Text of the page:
Reimbursement culture limits diversity in Stem
When I attended my first international conference, I was a PhD student. Two months before it started, I’d already paid nearly £1000 out of my own pocket for conference fees, hotels and flights. At the conference, I also had to cover the cost of transport, food and drink. I was reimbursed for the conference fees shortly after paying them, but I had to wait until after I’d returned from the trip to get the rest of my money back. I was fortunate; I could afford it.
By the time I attended my second international conference, I’d left academia for a job in publishing. My employer paid directly for my fees, flights and accommodation. And although I still paid and then reclaimed my at-conference costs, that was my choice – my employer would have supplied me with cash to cover those expenses if I had wanted it. After all, the reasoning went, I was travelling on work business so I should not be left out of pocket.
It’s difficult to justify why such a disparity exists. It’s not that funders and institutions don’t think that conference trips are worth paying for – after all, they cover the costs eventually. (Or at least most of them – if researchers go into debt to travel, the resulting interest payments or overdraft fees incurred are rarely, if ever, reimbursed.) And with more academic institutions implementing schemes that cover at least some upfront costs, arguments that delayed repayment is necessary don’t hold much weight.
For example, institutions including the University of California, US have travel portals through which transport and accommodation can be booked and charged to the university directly. Others like the University of St Andrews, UK, allow students to claim an advance to cover large expenses before travelling. In fact, I’ve heard anecdotally that many institutions will give travel advances even if their travel policy doesn’t officially say so. But if a resource is available it should be advertised to all, not restricted to those who know how to navigate the system. This is especially important because many of those who struggle financially are underrepresented in academia in other ways as well, and so may not feel secure enough to be comfortable asking for things that are outside of normal policy. Some people may even avoid conferences entirely, thinking that they cannot afford the costs.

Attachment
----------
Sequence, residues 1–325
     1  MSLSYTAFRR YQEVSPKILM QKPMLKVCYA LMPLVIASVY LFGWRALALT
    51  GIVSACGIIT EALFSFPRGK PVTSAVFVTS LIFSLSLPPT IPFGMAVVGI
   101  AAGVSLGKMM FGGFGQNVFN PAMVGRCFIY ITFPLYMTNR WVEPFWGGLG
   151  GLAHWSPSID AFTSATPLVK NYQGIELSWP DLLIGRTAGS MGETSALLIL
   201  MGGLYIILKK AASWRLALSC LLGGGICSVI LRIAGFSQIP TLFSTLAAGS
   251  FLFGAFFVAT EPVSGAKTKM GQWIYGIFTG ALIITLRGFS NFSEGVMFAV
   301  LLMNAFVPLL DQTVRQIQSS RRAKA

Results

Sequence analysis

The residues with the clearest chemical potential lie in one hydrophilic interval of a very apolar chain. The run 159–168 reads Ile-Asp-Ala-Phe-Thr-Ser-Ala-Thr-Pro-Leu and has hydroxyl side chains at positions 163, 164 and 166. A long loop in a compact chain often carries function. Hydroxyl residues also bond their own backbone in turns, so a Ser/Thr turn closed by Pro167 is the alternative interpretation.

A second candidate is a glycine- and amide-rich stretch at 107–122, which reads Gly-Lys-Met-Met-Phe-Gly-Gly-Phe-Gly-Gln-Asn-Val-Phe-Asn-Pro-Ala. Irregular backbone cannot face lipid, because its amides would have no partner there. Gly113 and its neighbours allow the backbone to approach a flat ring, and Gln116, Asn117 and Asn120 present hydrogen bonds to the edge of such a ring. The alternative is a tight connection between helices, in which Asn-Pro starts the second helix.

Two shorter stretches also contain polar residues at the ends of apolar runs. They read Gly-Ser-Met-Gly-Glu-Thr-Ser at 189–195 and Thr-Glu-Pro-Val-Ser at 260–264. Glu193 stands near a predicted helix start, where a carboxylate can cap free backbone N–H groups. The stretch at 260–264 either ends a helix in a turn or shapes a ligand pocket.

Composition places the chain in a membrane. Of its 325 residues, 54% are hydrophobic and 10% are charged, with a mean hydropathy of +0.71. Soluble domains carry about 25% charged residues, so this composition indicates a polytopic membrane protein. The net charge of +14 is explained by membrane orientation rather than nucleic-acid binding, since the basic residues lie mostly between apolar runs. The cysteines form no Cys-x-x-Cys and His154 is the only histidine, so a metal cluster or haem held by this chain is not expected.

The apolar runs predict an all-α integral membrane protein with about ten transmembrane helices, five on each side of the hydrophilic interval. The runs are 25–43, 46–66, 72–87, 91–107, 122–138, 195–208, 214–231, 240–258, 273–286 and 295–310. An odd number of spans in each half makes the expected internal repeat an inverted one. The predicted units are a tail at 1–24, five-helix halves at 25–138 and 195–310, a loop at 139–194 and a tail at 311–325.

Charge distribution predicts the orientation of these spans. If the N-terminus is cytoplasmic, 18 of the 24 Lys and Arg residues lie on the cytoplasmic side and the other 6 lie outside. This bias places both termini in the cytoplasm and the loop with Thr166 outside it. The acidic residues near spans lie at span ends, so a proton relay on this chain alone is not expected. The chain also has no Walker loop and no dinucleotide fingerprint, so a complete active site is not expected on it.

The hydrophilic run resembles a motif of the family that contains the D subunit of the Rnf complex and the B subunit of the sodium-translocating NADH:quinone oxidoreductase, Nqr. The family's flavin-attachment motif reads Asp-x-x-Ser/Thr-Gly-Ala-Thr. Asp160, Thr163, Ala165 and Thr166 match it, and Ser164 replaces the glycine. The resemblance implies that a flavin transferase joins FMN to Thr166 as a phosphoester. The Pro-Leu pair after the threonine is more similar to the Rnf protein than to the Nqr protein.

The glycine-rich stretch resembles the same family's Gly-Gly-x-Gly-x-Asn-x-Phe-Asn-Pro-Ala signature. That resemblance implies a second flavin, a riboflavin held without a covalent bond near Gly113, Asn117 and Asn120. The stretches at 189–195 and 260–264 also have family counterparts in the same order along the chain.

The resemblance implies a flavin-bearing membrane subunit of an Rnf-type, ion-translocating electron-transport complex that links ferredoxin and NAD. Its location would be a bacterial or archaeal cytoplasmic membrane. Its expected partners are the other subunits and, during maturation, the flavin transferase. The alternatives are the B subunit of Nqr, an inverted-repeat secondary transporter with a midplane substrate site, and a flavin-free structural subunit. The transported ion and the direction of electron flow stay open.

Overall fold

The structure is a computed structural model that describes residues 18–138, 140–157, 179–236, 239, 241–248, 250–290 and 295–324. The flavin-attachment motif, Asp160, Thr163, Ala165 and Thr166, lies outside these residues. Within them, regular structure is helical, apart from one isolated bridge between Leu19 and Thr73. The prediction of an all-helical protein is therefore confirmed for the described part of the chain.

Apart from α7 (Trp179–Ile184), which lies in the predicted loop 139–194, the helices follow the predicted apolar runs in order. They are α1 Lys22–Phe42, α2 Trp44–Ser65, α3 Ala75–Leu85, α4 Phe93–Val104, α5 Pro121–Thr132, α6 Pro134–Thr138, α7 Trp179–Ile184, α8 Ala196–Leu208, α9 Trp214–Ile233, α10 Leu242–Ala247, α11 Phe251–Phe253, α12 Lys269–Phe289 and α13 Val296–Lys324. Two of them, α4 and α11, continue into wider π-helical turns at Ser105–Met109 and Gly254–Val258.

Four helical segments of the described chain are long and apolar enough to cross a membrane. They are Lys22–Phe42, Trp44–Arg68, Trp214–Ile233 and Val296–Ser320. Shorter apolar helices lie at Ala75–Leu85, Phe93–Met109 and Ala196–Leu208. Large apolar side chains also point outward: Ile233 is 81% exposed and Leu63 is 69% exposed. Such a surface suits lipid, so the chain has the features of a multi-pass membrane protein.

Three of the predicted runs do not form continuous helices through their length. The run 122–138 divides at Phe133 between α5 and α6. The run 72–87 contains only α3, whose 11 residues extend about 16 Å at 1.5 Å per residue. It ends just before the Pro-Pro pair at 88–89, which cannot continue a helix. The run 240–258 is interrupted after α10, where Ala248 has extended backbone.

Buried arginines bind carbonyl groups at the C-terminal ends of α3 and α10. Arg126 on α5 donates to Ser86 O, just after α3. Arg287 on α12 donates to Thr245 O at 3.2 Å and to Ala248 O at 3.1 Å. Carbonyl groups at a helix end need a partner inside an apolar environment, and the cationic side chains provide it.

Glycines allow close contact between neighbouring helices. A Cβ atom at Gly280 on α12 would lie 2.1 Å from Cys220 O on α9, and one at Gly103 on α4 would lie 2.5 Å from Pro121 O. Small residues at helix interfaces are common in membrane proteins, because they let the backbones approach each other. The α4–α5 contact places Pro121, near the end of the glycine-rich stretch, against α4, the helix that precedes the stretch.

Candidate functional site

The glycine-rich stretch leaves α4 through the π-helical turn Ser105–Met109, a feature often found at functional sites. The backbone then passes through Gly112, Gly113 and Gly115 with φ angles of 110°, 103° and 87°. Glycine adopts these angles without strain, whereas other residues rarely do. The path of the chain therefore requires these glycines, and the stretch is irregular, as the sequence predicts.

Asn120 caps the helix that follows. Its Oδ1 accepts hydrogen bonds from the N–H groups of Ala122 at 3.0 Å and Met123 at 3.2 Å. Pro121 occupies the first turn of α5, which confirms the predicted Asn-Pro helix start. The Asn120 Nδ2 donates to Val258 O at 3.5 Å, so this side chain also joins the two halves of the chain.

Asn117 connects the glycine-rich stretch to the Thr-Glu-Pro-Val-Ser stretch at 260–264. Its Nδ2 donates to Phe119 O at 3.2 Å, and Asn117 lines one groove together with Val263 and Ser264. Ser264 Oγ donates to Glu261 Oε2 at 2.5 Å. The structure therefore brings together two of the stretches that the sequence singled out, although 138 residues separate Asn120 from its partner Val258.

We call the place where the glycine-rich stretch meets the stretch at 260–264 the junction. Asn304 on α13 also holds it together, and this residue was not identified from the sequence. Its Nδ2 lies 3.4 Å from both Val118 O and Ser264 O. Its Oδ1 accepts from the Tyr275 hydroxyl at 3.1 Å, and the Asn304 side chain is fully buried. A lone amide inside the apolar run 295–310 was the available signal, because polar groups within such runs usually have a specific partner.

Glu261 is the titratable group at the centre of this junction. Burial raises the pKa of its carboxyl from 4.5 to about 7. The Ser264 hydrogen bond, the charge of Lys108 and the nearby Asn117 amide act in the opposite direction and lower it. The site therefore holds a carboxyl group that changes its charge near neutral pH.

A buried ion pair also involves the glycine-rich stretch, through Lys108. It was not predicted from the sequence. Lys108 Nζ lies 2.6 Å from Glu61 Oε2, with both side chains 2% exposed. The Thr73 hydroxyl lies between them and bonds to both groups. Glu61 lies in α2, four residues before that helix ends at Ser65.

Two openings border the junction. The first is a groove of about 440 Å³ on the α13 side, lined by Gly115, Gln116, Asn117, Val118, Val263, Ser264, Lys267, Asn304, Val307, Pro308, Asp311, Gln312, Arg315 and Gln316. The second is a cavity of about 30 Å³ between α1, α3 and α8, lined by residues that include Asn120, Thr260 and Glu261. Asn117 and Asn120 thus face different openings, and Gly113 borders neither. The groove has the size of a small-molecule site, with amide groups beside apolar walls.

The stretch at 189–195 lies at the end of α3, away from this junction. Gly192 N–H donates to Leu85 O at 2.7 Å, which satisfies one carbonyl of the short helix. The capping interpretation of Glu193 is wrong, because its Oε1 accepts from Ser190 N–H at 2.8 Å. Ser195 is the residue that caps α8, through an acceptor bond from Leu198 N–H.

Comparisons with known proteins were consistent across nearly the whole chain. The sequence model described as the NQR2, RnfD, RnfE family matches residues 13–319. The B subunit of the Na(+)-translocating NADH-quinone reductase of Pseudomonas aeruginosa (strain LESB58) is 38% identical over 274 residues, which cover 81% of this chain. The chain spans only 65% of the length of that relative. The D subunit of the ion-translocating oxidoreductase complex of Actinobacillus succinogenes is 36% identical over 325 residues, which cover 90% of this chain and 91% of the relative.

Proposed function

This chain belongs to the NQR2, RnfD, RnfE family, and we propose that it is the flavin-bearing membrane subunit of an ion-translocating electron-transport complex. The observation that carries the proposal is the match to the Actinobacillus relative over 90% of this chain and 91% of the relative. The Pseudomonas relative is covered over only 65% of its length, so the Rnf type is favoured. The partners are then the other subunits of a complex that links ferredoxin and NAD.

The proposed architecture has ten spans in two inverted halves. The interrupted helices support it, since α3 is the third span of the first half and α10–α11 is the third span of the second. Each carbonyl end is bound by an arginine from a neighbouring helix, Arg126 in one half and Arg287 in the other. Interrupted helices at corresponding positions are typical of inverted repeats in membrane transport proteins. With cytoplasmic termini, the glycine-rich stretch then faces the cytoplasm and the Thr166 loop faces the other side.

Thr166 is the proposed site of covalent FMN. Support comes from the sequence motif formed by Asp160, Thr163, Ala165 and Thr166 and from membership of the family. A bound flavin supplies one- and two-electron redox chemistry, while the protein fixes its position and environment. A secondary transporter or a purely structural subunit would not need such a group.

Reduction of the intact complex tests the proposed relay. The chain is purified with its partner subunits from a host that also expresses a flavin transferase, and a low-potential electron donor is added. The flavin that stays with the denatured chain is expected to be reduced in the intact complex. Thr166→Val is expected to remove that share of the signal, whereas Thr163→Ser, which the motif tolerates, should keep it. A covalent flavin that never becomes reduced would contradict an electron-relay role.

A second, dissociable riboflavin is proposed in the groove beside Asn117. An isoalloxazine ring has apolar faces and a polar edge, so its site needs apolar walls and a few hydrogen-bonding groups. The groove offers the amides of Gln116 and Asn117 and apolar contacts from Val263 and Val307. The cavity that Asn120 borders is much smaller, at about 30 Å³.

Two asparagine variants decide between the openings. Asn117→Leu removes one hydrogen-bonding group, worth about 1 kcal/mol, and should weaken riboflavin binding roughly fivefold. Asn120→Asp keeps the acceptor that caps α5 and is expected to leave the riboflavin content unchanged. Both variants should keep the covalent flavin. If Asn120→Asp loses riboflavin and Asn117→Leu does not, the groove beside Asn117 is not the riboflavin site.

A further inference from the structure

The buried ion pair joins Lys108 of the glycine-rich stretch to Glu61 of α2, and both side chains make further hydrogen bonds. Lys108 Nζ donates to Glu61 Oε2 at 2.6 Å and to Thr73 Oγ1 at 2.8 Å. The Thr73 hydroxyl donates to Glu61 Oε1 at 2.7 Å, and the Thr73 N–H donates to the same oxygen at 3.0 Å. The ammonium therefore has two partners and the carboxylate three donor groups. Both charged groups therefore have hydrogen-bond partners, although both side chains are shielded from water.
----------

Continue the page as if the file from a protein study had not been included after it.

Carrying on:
Even where cash advances are given, the overall process of reimbursement needs to be made more efficient. Until a claim has been approved, there’s always the worry that an item may fall foul of reimbursement red tape – perhaps because a receipt is deemed to lack sufficient detail, or because a claim was submitted at the wrong time. If paying for that item involves strict budgeting or going into debt, then researchers will struggle to fully concentrate on their work until such measures are confirmed to be unnecessary.
High private sector salaries are often justified by the belief that to retain top talent, you need to pay them top salaries. As Dinsa Sachan explores for Chemistry World, many early-career researchers are already struggling with day-to-day expenses – and this, unsurprisingly, is a factor in their decision to leave academia. While it would be nice to raise salaries across the board, this cannot be done without increasing budgets or making cuts elsewhere. But ending reimbursement culture doesn’t require more money – it just involves paying it out sooner. If funders and institutions can’t even manage that, then they don’t deserve to retain the talented researchers on whose work they build their reputation.